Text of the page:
Yellow-billed Cuckoos lay an exceptionally large egg for their size—one of the largest relative to their body size of any bird—that promotes the embryo’s rapid development. Incubation requires a mere 9–11 days and the nestling fledges at eight days old—also one of the shortest cumulative development periods known among birds. But this expeditious progress comes at a hefty cost for the female: producing one egg requires about a third of her daily energy intake. Every other day, she lays one of her clutch’s 2–3 light-blue eggs. Incubation begins after laying the first egg. To offset the substantial cost of egg production, the male does the majority of incubation. During the day, both sexes share duties equally. At night, the male takes over. The chicks hatch asynchronously; if there is insufficient food available for the entire brood, the parents will remove the youngest from the nest.

One of the advantages of entering breeding codes on every checklist even if you’ve already documented the behavior, is that we gain a fine-scale look at breeding phenology. If we plot each breeding code by date of observation, we can see when each species is mostly engaged in courtship, nest building, or raising young. The phenology chart for Yellow-billed Cuckoo based on data from 2020 (below) shows that they arrive and start singing in mid-May. Courtship courtship takes place mostly in June. There were few observations of nests and basically no observations of nest building, but presumably these behaviors also occur in June because fledglings and young are observed in July and into August.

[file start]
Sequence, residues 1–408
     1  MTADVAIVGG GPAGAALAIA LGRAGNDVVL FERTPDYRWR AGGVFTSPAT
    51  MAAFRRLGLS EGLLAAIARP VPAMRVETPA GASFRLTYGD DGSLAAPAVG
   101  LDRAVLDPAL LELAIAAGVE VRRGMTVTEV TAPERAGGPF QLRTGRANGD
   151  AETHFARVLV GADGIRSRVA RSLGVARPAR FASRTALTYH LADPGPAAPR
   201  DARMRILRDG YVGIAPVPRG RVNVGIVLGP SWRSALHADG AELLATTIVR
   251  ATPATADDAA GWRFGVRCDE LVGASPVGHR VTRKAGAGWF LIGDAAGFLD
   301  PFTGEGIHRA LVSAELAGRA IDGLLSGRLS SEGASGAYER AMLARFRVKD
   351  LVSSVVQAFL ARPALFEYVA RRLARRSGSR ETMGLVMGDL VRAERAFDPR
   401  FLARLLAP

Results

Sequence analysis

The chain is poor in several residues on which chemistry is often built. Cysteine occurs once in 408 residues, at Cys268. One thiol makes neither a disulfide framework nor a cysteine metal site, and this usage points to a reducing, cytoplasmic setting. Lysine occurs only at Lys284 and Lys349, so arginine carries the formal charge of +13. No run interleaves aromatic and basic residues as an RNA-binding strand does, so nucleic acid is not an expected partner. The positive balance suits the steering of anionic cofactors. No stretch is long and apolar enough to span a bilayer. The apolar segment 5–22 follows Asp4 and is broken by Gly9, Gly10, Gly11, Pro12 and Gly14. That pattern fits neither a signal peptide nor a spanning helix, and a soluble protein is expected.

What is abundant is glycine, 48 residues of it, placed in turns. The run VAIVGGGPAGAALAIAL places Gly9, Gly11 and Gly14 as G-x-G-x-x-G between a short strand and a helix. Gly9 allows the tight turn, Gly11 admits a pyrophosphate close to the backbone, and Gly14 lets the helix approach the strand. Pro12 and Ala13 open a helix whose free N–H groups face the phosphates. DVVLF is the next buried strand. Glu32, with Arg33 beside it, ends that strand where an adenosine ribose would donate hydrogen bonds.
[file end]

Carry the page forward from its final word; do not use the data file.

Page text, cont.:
Breeding phenology plot showing the time of year each breeding behavior was recorded for Yellow-billed Cuckoo based on 2020 Atlas data (1569 observations through September). Standard box plots with median and first and third quartiles plotted. Based on raw, unvetted data.

Mid-may–early-June: arrival, pair formation, and courtship

June: nest building, egg laying, and incubation

July–early-August: brooding, parental care, fledglings

Late-August–early-October: loafing, getting fat, and staging for migration

Behaviors to Look For

The secretive nature of cuckoos makes them hard to find, and their short nesting and fledgling period makes it hard to confirm breeding. Here are some of the more common behaviors you might observe.

Copulation. Perched on a branch, the female leans forward and cocks her tail upright, then tucks it low, repeating the tail pumping several times. The male watches from a nearby branch, snaps off a twig, and flies toward the female. He lands on her back, and offers her the stick—if a female is truly lucky, she might receive a caterpillar. The pair holds either end of the stick and commences copulation. Three to five seconds later, the deed is done and the male flies to a new perch, still holding the stick.

Distraction display. Often freeze when threatened, but may give a distraction display when the nest is threatened.  If the nest is in a dense area, it will flutter down through the tree with wings and tails fanned. In more open areas, it will fly slowly and erratically just above the ground. In both cases they try to show off their rufous primaries.

Territoriality. More study is needed. While there are some observations of birds displacing intruders (akin to typical territorial behavior), some studies suggest that neighboring birds will space their breeding attempts apart in time so that they aren’t raising young at the same time.

Agitation/mobbing by other birds. You may be able to find a cuckoo on nest by the behavior of other birds. Birds that are subject to nest parasitism by cuckoos, such as Wood Thrush, American Robin, and Gray Catbirds, may mob and attack cuckoos when the cuckoos come and go from their nest. This can alert you to probable nesting of the mobbing species and possibly indicate the nesting location of the cuckoo.